Energy

Private Space Race: SpaceX Lands Rocket Month After Blue Origin

(REUTERS/Joe Skipper)

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Andrew Follett Energy and Science Reporter
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Elon Musk’s SpaceX successfully landed a stage of its Falcon 9 rocket Monday evening in Florida, a month after competitor Blue Origin accomplished a similar technical feat.

The launch is a”giant tech demo for SpaceX, as being able to deliver on claims and come back from losses with not only nominally flight, but also improvement. Put in other words, it serves as much as a publicity stunt as it does an engineering feat,” an engineer familiar with the matter told The Daily Caller News Foundation.

However, according to the engineer, the “real test” is if the rocket stage can be successfully re-used for later launches.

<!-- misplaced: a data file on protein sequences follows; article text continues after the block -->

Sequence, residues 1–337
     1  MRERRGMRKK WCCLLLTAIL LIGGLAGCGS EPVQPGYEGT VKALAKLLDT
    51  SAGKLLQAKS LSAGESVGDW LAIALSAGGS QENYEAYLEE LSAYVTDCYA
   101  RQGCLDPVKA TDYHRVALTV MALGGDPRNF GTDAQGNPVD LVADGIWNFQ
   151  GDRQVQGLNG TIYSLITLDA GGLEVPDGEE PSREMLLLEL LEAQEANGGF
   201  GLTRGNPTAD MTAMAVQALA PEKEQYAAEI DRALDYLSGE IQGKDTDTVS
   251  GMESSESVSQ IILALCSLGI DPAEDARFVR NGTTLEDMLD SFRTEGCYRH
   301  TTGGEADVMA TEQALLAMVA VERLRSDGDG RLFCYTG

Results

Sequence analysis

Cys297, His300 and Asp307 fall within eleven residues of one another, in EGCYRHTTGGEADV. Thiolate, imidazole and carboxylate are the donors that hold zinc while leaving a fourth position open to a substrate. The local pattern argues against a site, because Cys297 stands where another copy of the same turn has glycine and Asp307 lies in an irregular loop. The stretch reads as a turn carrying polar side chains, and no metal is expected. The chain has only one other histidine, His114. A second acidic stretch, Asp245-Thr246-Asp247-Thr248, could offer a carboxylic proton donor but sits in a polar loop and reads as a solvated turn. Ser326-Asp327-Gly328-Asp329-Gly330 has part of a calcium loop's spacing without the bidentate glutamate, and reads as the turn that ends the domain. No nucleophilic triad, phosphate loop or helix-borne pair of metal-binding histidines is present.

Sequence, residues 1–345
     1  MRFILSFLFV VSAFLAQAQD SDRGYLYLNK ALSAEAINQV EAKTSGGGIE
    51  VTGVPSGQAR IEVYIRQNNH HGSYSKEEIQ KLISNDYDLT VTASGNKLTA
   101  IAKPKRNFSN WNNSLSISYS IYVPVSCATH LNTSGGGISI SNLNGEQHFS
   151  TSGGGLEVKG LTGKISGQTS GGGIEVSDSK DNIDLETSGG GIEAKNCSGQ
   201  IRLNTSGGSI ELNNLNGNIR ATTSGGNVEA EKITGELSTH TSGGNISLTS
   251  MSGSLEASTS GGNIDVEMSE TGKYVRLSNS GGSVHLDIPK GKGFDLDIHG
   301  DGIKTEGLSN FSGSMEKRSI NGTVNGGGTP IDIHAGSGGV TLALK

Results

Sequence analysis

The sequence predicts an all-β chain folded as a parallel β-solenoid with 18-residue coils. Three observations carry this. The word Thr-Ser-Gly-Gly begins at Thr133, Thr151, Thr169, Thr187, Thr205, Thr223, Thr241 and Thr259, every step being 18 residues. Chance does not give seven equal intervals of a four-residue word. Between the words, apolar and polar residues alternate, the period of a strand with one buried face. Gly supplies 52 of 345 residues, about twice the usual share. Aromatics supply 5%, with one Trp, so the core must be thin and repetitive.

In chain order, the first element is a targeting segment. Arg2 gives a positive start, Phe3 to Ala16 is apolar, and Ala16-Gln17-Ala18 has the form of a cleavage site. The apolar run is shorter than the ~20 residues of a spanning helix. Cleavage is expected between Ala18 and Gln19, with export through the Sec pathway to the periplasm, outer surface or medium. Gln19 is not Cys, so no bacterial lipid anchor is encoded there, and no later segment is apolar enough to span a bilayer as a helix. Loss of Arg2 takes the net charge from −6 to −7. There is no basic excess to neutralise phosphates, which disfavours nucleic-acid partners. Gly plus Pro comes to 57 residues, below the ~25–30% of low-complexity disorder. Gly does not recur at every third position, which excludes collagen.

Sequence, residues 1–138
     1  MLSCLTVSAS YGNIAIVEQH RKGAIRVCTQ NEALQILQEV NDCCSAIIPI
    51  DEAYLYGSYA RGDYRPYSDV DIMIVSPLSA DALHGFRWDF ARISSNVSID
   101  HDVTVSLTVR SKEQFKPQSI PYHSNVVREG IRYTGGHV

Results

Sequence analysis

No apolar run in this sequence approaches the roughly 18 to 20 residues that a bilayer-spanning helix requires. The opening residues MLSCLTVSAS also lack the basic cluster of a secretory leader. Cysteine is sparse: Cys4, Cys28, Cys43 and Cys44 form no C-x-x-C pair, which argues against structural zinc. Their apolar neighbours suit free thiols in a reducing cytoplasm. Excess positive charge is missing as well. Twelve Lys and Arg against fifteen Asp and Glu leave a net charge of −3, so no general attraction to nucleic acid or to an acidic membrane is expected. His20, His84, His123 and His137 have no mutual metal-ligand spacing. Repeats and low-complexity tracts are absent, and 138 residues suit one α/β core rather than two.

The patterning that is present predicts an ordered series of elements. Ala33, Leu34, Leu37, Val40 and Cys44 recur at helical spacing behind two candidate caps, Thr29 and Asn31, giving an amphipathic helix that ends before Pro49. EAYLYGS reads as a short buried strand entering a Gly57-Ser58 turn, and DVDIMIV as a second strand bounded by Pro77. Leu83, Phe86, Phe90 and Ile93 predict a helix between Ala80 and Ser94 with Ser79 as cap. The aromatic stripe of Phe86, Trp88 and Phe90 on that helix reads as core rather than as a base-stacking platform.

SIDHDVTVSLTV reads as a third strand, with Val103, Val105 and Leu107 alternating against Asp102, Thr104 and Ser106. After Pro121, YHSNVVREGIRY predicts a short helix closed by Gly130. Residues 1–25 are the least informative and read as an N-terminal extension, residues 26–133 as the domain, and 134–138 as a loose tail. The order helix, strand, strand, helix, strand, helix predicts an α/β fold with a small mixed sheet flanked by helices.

“All flights take a toll on rockets. That can have unforeseen consequences on the materials used, especially liquid engines which have more moving parts” continued the engineer. Fully reuseable rockets could greatly reduce the cost of getting to orbit, making the expansion of humanity into space much easier.

Each Falcon 9 launch presently costs around $54 million per launch. If NASA’s Space Shuttle design was around today, it would have an average cost of more than $1.6 billion per launch.

Blue Origin, SpaceX and other companies have been competing to develop the first fully reusable rocket. SpaceX, previously failed on two separate occasions to successfully land a reusable rocket. Elon Musk called the failure a “huge blow.” This allowed Blue Origin to win this leg of the private sector’s space race after officially going to space and landing in November.  This is technically simpler than sending a rocket all the way into orbit, then returning to Earth, but still remains a major technical achievement.

NASA’s Space Shuttle was only technically reusable because its giant fuel tank was discarded after each launch, and its side boosters were parachuted into corrosive salt water every flight —  which required them to be extensively refurbished after use — making the Space Shuttle exceedingly expensive.

Video of the Space X landing can be seen here.

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